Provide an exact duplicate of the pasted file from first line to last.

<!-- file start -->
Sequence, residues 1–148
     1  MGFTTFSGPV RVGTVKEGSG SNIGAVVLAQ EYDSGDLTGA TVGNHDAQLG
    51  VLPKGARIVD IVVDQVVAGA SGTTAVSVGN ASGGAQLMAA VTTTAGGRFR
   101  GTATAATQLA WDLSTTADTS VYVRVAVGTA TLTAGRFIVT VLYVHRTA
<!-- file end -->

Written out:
Sequence, residues 1–148
     1  MGFTTFSGPV RVGTVKEGSG SNIGAVVLAQ EYDSGDLTGA TVGNHDAQLG
    51  VLPKGARIVD IVVDQVVAGA SGTTAVSVGN ASGGAQLMAA VTTTAGGRFR
   101  GTATAATQLA WDLSTTADTS VYVRVAVGTA TLTAGRFIVT VLYVHRTA